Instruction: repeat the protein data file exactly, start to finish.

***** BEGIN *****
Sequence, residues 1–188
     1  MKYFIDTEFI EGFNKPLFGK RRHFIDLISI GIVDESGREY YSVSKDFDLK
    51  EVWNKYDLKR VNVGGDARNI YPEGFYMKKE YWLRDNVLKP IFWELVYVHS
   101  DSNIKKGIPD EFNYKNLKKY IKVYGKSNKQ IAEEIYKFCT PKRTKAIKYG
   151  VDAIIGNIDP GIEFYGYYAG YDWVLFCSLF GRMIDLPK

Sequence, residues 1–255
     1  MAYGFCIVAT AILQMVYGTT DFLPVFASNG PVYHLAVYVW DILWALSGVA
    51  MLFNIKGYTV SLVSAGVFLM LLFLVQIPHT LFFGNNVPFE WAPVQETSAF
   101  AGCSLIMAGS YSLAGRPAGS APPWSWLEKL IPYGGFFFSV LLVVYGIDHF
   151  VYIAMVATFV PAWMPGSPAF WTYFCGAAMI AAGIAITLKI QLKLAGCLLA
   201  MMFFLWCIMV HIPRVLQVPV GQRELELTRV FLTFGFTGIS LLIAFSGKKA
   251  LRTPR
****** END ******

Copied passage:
Sequence, residues 1–188
     1  MKYFIDTEFI EGFNKPLFGK RRHFIDLISI GIVDESGREY YSVSKDFDLK
    51  EVWNKYDLKR VNVGGDARNI YPEGFYMKKE YWLRDNVLKP IFWELVYVHS
   101  DSNIKKGIPD EFNYKNLKKY IKVYGKSNKQ IAEEIYKFCT PKRTKAIKYG
   151  VDAIIGNIDP GIEFYGYYAG YDWVLFCSLF GRMIDLPK

Sequence, residues 1–255
     1  MAYGFCIVAT AILQMVYGTT DFLPVFASNG PVYHLAVYVW DILWALSGVA
    51  MLFNIKGYTV SLVSAGVFLM LLFLVQIPHT LFFGNNVPFE WAPVQETSAF
   101  AGCSLIMAGS YSLAGRPAGS APPWSWLEKL IPYGGFFFSV LLVVYGIDHF
   151  VYIAMVATFV PAWMPGSPAF WTYFCGAAMI AAGIAITLKI QLKLAGCLLA
   201  MMFFLWCIMV HIPRVLQVPV GQRELELTRV FLTFGFTGIS LLIAFSGKKA
   251  LRTPR